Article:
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My Lady Ludlow Elizabeth Gaskell

Chapter X.

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But I am wandering away from my lady, and her dislike to all innovation. Now, it seemed to me, as far as I heard, that Mr. Gray was full of nothing but new things, and that what he first did was to attack all our established institutions, both in the village and the parish, and also in the nation. To be sure, I heard of his ways of going on principally from Miss Galindo, who was apt to speak more strongly than accurately.

"There he goes," she said, "clucking up the children just like an old hen, and trying to teach them about their salvation and their souls, and I don't know what--things that it is just blasphemy to speak about out of church. And he potters old people about reading their Bibles. I am sure I don't want to speak disrespectfully about the Holy Scriptures, but I found old Job Horton busy reading his Bible yesterday. Says I, 'What are you reading, and where did you get it, and who gave it you?' So he made answer, 'That he was reading Susannah and the Elders, for that he had read Bel and the Dragon till he could pretty near say it off by heart, and they were two as pretty stories as ever he had read, and that it was a caution to him what bad old chaps there were in the world.' Now, as Job is bed-ridden, I don't think he is likely to meet with the Elders, and I say that I think repeating his Creed, the Commandments, and the Lord's Prayer, and, maybe, throwing in a verse of the Psalms, if he wanted a bit of a change, would have done him far more good than his pretty stories, as he called them. And what's the next thing our young parson does? Why he tries to make us all feel pitiful for the black slaves, and leaves little pictures of negroes about, with the question printed below, 'Am I not a man and a brother?' just as if I was to be hail-fellow-well-met with every negro footman. They do say he takes no sugar in his tea, because he thinks he sees spots of blood in it. Now I call that superstition.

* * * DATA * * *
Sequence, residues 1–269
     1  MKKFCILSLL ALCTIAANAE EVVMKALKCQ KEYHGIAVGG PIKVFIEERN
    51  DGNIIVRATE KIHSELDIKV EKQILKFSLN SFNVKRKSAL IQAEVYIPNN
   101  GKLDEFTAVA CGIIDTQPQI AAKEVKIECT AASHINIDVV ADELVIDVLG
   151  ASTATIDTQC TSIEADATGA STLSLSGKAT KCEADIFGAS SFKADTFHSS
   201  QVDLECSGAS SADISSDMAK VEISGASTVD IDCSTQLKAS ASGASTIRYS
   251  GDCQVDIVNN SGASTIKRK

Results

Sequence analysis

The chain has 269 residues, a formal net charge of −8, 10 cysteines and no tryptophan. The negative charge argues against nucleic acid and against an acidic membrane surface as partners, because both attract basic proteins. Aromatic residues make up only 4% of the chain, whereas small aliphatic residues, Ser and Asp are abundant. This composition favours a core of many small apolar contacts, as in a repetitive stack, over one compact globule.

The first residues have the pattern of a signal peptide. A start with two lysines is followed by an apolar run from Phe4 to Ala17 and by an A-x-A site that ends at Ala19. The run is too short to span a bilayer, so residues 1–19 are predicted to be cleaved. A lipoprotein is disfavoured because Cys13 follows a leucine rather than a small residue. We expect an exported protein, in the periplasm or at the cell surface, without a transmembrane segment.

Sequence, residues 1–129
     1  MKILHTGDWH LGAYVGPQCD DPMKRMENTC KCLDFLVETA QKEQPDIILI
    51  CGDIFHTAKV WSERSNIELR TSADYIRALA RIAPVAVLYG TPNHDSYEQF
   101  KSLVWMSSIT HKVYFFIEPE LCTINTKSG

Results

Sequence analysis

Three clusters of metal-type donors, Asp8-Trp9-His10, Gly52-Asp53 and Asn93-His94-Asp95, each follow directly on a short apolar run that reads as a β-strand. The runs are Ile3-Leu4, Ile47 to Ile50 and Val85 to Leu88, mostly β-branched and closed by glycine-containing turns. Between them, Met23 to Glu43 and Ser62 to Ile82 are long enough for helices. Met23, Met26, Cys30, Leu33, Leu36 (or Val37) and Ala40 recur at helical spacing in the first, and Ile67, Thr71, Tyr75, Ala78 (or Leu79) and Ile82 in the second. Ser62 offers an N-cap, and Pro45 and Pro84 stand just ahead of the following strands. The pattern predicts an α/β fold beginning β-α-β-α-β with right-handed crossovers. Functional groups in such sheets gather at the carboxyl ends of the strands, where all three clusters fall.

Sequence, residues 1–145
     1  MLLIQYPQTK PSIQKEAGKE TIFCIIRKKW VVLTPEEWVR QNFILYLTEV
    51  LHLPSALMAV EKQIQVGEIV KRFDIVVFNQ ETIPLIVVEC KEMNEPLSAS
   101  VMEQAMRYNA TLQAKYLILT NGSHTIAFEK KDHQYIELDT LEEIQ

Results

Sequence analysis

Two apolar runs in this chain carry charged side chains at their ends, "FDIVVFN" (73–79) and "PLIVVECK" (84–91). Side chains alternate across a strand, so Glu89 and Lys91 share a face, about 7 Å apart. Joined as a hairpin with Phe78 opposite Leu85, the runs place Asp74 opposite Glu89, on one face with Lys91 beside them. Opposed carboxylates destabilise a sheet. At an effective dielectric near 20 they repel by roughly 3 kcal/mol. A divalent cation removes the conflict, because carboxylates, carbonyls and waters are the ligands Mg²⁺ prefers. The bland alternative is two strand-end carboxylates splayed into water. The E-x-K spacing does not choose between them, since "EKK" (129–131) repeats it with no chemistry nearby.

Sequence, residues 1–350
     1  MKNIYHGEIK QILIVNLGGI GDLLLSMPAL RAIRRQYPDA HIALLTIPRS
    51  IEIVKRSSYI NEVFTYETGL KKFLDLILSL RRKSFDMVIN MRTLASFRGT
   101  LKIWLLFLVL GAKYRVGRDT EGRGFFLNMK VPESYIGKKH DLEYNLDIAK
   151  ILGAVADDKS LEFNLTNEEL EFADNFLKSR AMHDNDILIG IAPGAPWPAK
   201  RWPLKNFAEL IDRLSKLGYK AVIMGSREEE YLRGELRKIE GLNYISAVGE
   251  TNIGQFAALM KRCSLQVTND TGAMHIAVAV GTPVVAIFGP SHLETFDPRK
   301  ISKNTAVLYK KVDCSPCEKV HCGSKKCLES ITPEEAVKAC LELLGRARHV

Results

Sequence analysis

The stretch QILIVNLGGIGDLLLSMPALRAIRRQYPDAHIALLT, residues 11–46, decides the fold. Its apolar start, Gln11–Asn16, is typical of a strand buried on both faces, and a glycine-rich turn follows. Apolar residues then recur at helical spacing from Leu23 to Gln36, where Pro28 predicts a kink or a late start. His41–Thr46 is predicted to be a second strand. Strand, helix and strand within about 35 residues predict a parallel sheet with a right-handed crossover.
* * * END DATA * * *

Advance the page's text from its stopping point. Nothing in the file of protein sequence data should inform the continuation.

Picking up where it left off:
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The next day it was a still worse story.

"Well, my dear! and how are you? My lady sent me in to sit a bit with you, while Mr. Horner looks out some papers for me to copy. Between ourselves, Mr. Steward Horner does not like having me for a clerk. It is all very well he does not; for, if he were decently civil to me, I might want a chaperone, you know, now poor Mrs. Horner is dead." This was one of Miss Galindo's grim jokes. "As it is, I try to make him forget I'm a woman, I do everything as ship-shape as a masculine man-clerk. I see he can't find a fault--writing good, spelling correct, sums all right. And then he squints up at me with the tail of his eye, and looks glummer than ever, just because I'm a woman--as if I could help that. I have gone good lengths to set his mind at ease. I have stuck my pen behind my ear, I have made him a bow instead of a curtsey, I have whistled--not a tune I can't pipe up that--nay, if you won't tell my lady, I don't mind telling you that I have said 'Confound it!' and 'Zounds!' I can't get any farther. For all that, Mr. Horner won't forget I am a lady, and so I am not half the use I might be, and if it were not to please my Lady Ludlow, Mr. Horner and his books might go hang (see how natural that came out!). And there is an order for a dozen nightcaps for a bride, and I am so afraid I shan't have time to do them. Worst of all, there's Mr. Gray taking advantage of my absence to seduce Sally!"

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My Lady Ludlow
Elizabeth Gaskell

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